Exploring LiFi’s Role in Reinventing Indoor 5G Connectivity

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Visible light data delivery, a demonstration of scientific ingenuity that has been on the horizon for many years, is finally gaining momentum in the commercial sphere. Scotland-based LiFi pioneers, pureLiFi, showcased some inspiring new developments at this year’s Mobile World Congress (MWC). Among these innovations were SkyLite, an all-room access point delivering high-speed, low latency connectivity across an impressive 50m2 area; and the LiFi Cube, a plug-n-play LiFi hotspot, suitable for specific home or business use cases.

However, pureLiFi’s CEO, Alistair Banham, made it clear that the new technology does not aim to displace WiFi but to complement it. He said, “It’s not about displacing WiFi for us, it’s about being additive and complementary.” He highlighted LiFi’s significant advantage of avoiding interference with radio waves, adding, “The way we see LiFi improving the quality of service is by covering high bandwidth download areas. For example, putting a hotspot over your TV or home computer, allowing these data hungry activities like streaming or gaming to be connected over light, instead of potentially degrading the quality of the WiFi network for all users in the building.”

The show-stealer from pureLiFi’s stable of innovative solutions was the LINXC Bridge™. This product is being developed in collaboration with Solace Power, a wireless power company, to address the issue of indoor 5G connectivity. Unlike 5G, LiFi does not suffer from signal degradation when passing through walls and glass, making it a suitable choice for indoor applications.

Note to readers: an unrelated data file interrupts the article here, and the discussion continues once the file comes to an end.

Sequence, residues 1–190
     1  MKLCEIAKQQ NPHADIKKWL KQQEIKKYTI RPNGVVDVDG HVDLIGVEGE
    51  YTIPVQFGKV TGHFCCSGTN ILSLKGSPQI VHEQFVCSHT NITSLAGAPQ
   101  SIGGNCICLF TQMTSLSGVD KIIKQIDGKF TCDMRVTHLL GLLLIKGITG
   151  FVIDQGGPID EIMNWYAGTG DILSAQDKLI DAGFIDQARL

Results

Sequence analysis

The LINXC Bridge™ provides a signal pathway between the external 5G connection and an internal WiFi or LiFi router, ensuring a robust, stable signal inside a building. Powering the device is Solace’s integrated power system, designed to ensure power is delivered wirelessly through the windowpane, eliminating the need for an external power source.

A trial run at MWC revealed that the LINXC Bridge™ was capable of reaching speeds of 1Gbps while connected to the 5G network. “The average from our research suggests that customers are lucky if they can get 200–300Mbps in their home when connected to sub-6Ghz 5G. We’re offering the operators the chance to deliver customers the same 5G service inside the home that they can get outside home. That’s really exciting,” elaborated Banham.

With the majority of mobile data traffic originating indoors, the pressure to improve indoor 5G performance is increasing. LiFi products, such as the LINXC Bridge™, may offer a solution to this growing issue, providing mobile operators with a scalable and efficient solution.

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